Forrester: Wearables Interest Businesses More Than Consumers

Companies see wearables as tools to improve operational efficiency and enhance the customer experience, Forrester report says.

Thomas Claburn, Editor at Large, Enterprise Mobility

December 10, 2014

3 Min Read
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People actually want wearable devices, but businesses want them more.

According to a report by Forrester Research issued Tuesday, interest in wearable devices among individuals and organizations is rising. And while the firm expects many of these devices to fail, it anticipates overall market growth.

Currently, 10% of US online adults say they've used a wearable device like a fitness tracker. But that number appears likely to rise, because 45% of US online adults say they agree with the statement, "I am intrigued by the prospect of getting a wearable device." Meanwhile, interest in wearables for the wrist increased from 29% in 2013 to 42% in 2014.

[Will regulatory hurdles hamper wearables? See Health Wearables Going Big In 2015; Questions Loom.]

Forrester cautions that those who respond to online surveys tend to have more Internet experience and to feel more comfortable with online transactions. So, the survey results may overstate wearable interest among the general public. What's more, "intrigued by" is not the same as "intend to purchase."

Nonetheless, with major companies like Apple, Google, Microsoft, and Samsung joining with established fashion brands to market wearable devices, demand for wearables seems likely to respond to expanding marketing efforts.

Among companies, interest in wearables is even more evident. Forrester says that 68% of technology and business decision-makers characterize wearable devices as a priority, with 51% describing their interest as moderate, high, or critical, compared to 2010, when 43% of businesses described their mobile device concerns as high or critical.

Businesses want wearables because they see them as tools to improve operational efficiency and to enhance the customer experience, Forrester contends.

For example, to monitor worker health and safety, Thiess, an Australian construction services company, has been testing wearable devices from Amiigo that monitor field workers' blood oxygenation, body temperature, and movement. Japan Airlines has been testing Google Glass as a tool to help cargo and maintenance workers inspect planes on the tarmac and communicate their findings. And Virgin Atlantic also has been evaluating Google Glass and smartwatches in its upper-class lounge at Heathrow Airport as a way to help customer service agents respond to customers more efficiently.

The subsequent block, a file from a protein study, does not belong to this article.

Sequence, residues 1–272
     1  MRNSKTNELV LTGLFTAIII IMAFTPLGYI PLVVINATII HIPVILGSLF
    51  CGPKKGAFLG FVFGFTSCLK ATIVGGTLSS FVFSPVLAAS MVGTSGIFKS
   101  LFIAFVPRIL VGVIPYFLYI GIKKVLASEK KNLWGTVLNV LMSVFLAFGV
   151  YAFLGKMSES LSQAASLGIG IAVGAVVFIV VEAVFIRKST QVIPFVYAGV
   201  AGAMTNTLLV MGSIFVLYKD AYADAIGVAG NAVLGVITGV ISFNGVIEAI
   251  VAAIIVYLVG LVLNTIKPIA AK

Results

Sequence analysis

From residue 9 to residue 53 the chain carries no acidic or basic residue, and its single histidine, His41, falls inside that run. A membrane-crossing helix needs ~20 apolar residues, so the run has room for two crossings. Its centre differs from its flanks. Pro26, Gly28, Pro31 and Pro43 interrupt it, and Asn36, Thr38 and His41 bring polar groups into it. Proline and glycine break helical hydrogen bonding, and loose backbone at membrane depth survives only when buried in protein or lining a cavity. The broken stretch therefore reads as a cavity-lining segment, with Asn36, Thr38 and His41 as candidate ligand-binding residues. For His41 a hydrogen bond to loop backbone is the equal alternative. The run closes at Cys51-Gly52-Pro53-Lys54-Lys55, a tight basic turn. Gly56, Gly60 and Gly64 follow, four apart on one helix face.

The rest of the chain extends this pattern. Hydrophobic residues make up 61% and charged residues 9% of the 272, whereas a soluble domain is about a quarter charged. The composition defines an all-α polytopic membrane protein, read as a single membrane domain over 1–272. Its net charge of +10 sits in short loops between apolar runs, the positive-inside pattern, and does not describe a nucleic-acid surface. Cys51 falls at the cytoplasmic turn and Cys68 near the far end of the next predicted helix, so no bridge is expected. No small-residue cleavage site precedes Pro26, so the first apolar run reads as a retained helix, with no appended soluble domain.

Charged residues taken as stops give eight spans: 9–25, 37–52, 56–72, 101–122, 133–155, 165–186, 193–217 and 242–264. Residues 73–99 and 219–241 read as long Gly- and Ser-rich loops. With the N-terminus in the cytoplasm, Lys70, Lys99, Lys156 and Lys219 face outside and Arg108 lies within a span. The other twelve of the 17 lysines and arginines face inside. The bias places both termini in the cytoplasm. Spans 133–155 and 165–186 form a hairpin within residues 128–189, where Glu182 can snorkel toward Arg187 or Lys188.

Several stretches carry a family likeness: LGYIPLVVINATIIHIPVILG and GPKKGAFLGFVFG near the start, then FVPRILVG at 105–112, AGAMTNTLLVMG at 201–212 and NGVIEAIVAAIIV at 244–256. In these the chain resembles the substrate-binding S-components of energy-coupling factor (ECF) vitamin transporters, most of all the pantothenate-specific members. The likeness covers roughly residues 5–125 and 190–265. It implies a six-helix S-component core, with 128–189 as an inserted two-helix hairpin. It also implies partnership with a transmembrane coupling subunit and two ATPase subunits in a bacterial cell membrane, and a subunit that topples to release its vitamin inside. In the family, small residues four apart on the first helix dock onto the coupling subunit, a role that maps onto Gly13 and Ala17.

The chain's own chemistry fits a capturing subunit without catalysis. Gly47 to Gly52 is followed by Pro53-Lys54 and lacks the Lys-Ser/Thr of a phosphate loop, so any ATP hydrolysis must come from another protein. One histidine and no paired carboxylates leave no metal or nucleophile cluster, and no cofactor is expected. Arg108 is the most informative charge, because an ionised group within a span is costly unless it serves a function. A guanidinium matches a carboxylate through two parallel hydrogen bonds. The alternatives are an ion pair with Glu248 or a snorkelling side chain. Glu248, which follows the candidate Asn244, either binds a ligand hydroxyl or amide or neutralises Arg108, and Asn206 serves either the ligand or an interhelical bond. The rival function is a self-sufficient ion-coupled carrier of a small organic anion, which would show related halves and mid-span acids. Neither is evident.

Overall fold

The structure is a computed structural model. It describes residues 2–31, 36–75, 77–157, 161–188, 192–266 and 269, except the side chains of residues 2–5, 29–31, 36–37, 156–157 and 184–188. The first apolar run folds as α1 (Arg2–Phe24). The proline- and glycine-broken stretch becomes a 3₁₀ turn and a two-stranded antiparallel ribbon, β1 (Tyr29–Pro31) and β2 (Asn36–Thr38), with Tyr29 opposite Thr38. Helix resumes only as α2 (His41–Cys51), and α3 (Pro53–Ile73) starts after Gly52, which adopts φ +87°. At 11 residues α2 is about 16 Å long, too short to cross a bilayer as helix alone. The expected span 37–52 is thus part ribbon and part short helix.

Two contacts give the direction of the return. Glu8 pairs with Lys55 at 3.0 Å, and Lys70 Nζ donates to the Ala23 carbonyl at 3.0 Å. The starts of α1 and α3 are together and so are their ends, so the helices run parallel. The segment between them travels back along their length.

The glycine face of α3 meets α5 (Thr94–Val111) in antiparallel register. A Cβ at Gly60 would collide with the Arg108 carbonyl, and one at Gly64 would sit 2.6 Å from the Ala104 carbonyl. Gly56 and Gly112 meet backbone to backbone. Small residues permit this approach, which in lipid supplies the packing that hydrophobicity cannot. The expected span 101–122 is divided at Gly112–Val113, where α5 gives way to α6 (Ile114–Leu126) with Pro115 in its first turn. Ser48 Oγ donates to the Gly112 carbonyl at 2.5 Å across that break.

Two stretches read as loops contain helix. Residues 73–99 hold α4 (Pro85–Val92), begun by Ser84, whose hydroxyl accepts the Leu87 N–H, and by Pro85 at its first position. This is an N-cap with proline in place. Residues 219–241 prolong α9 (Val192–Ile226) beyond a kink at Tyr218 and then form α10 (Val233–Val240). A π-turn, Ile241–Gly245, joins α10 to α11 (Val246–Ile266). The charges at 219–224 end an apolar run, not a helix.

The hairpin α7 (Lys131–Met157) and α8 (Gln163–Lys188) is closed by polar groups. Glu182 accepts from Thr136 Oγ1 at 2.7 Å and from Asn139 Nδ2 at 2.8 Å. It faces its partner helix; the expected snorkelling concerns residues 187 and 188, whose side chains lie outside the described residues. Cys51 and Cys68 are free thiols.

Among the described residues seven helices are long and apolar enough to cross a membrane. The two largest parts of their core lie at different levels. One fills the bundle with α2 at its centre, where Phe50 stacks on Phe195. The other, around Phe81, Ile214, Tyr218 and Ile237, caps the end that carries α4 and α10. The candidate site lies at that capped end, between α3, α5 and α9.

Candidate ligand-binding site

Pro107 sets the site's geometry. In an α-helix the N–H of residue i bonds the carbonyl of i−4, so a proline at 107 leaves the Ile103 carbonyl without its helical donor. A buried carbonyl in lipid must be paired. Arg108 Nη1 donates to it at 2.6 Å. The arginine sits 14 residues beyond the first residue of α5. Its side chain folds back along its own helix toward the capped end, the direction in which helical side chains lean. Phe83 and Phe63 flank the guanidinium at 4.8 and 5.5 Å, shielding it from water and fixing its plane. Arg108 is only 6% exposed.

Forrester insists that wearables will be more than devices we wear. It foresees them on our bodies (e.g., Ducere's shoes, which direct the wearer with haptic feedback), attached to our kids (e.g., Filip's location tracker and communicator), tied to our pets (e.g., activity monitoring and tracking), and inside our bodies (e.g., Given Imaging's PillCam for medical diagnostics).

In effect, Forrester is redefining the wearable category to include the broader Internet of Things, which doubtless makes the market appear larger. Strictly speaking, a wearable device should be worn for a reason -- because it needs to be in contact with the wearer's body to collect data or because it serves a purpose by being worn, such as freeing one's hands or being immediately accessible rather than in a pocket.

To put it another way, wearing a smartphone on your wrist by securing it with a rubber band doesn't make it a wearable device; it's just a mobile device under a different name. But in general, Forrester's premise is accurate: More and more objects, worn or otherwise, will get fitted with processors and network connectivity in the years ahead.

The research firm anticipates that wearable devices increasingly will work together, pointing to how Thalmic Labs' Myo gesture-controller armband could complement Google Glass, for example. It also predicts that Apple will adapt its Beats headphones to work with Siri and Apple Watch in 2015.

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About the Author(s)

Thomas Claburn

Editor at Large, Enterprise Mobility

Thomas Claburn has been writing about business and technology since 1996, for publications such as New Architect, PC Computing, InformationWeek, Salon, Wired, and Ziff Davis Smart Business. Before that, he worked in film and television, having earned a not particularly useful master's degree in film production. He wrote the original treatment for 3DO's Killing Time, a short story that appeared in On Spec, and the screenplay for an independent film called The Hanged Man, which he would later direct. He's the author of a science fiction novel, Reflecting Fires, and a sadly neglected blog, Lot 49. His iPhone game, Blocfall, is available through the iTunes App Store. His wife is a talented jazz singer; he does not sing, which is for the best.

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